reported on 11 March 2012 that "at least one U.S. soldier" had massacred 16 villagers, including 9 children and several women.
A later article
advised that the Afghanistan authorities were investigating the possibility that the killings were done by about 20 U.S. soldiers, and not just one lone gunman.
Karzai now slams the U.S. government over its lack of cooperation in the Afghan investigatory probe into the killings. He says that the U.S. stance has put him "at the end of the rope".
The Afghan delegation Karzai sent to look into the incident has not received the cooperation expected from American officials, according to RT
"This has been going on for too long. This is by all means the end of the rope here," Karzai said after meeting with families of the civilians killed in the shooting spree.
During Karzai's meeting with the villagers, the relatives of the deceased insisted there was more than one shooter and complained that American authorities had failed to provide all the information they requested.
Kabul said earlier that there was a surveillance video that the U.S. government was not willing to share with Afghan investigators. They demand to know why.
NATO says that there was only one soldier behind the slaughter and various reasons have been given for the rampage including abuse of alcohol, post traumatic stress disorder and even a troubled marriage.
The 38-year-old Army staff sergeant, whose name is still not known, was relocated to a military base in Kuwait with the prospect of his being returned to the U.S. A recent Digital Journal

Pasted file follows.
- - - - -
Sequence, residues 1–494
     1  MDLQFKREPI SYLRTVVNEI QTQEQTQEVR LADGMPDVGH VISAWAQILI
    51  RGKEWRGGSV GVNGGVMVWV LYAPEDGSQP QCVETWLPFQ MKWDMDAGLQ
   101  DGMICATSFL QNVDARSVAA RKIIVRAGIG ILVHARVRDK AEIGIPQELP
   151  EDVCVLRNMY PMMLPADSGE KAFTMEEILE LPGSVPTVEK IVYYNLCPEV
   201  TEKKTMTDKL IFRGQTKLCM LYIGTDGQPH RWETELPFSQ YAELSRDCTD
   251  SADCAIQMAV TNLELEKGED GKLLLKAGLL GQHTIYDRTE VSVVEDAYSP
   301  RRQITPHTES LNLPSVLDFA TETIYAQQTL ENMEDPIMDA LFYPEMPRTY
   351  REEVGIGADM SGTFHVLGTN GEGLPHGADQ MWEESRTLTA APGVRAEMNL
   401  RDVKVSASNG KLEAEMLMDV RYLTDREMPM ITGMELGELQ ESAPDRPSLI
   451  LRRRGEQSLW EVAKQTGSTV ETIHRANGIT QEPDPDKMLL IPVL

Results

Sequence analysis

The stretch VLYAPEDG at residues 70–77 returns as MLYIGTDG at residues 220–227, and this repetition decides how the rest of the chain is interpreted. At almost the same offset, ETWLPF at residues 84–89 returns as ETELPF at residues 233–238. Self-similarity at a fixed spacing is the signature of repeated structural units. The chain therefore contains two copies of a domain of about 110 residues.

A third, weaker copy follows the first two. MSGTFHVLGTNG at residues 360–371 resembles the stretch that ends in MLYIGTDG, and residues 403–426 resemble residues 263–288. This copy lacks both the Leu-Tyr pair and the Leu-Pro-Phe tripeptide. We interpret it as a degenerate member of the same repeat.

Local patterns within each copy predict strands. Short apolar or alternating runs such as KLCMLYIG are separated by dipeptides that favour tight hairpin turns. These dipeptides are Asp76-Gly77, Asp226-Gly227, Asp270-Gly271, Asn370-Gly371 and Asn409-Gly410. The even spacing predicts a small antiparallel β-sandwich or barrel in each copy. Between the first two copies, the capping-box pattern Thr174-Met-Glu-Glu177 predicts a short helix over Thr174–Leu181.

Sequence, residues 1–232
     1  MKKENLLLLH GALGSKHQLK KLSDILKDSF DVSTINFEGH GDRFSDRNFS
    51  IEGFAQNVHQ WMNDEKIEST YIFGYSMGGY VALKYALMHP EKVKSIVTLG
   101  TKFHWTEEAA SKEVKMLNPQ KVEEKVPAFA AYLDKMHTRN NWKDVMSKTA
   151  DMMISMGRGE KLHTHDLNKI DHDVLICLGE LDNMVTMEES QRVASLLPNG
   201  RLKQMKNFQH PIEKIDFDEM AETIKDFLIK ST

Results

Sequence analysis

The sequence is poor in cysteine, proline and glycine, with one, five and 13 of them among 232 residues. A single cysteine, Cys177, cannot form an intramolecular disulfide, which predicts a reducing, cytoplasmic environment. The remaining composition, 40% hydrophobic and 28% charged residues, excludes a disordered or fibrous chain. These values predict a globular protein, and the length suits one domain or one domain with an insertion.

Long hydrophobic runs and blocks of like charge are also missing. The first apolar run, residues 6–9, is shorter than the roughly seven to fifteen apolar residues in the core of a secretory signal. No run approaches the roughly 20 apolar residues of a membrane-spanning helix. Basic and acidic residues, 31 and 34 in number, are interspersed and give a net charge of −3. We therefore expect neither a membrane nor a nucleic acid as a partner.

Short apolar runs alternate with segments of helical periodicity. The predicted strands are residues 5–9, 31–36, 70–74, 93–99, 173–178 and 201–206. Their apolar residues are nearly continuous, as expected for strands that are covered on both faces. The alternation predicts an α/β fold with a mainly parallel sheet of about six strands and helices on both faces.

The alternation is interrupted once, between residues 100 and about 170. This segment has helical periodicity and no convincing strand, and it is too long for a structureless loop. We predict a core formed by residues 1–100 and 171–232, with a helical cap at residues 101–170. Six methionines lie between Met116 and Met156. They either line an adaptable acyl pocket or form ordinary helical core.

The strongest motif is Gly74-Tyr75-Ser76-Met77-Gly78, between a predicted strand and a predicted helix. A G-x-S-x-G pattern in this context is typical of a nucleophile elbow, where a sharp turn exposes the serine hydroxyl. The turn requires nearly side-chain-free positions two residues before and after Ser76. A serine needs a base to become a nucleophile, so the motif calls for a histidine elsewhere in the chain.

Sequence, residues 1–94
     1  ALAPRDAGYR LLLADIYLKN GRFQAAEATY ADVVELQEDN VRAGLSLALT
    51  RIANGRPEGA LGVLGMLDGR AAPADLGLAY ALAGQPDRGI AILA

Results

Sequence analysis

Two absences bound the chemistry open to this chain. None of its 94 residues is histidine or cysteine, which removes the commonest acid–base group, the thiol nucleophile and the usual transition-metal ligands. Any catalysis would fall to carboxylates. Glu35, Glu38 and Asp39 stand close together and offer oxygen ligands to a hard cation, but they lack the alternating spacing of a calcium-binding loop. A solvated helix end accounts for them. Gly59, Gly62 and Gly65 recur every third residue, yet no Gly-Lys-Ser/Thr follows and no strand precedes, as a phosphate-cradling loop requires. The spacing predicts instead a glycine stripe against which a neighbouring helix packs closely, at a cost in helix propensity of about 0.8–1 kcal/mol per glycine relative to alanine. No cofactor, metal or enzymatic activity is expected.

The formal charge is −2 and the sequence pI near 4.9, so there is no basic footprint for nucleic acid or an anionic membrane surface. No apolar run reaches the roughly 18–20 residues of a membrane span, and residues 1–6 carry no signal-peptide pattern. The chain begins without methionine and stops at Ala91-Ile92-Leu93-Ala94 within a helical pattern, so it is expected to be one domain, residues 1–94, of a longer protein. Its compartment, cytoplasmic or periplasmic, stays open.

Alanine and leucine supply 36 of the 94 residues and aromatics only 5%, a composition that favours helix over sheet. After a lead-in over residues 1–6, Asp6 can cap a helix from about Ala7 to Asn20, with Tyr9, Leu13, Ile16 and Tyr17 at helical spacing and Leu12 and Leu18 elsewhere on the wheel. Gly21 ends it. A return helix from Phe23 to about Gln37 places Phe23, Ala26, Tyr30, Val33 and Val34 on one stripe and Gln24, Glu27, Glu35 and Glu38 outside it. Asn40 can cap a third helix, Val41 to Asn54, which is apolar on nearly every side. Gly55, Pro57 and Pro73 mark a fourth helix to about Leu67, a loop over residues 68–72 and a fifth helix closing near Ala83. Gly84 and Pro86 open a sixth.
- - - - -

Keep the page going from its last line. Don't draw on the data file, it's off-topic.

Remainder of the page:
report stresses the anger of the Afghan people over this fact. They demand he be tried in Afghanistan.
Afghan investigators who are carrying out the probe are convinced that it took more than one soldier to kill so many people in two villages within one hour.
They are considering the possibility that at least 15 to 20 soldiers were involved in the massacre, split into two groups, and villagers report
that "drunken American soldiers" were involved in the massacre. The villagers stated that the soldiers were laughing, shooting, and then burning the bodies.
Today President Karzai said that he wished to preserve good relations with Washington, but that this was becoming increasingly difficult under the circumstances.
The U.S. should show more respect to Afghan culture and laws, he added. "This form of activity, this behavior, cannot be tolerated. It's past, past, past the time," says Karzai.
In a later breaking news announcement RT
advised that the American soldier suspected of shooting 16 civilians in Afghanistan on Sunday is being moved to a military base in Kansas - this has been reported on AFP.
The soldier's civilian attorney, John Henry Browne says that he is expected to arrive at Fort Leavenworth on Friday afternoon
The soldier's name has still not been disclosed.
: Cross-talk on the situation in Afghanistan: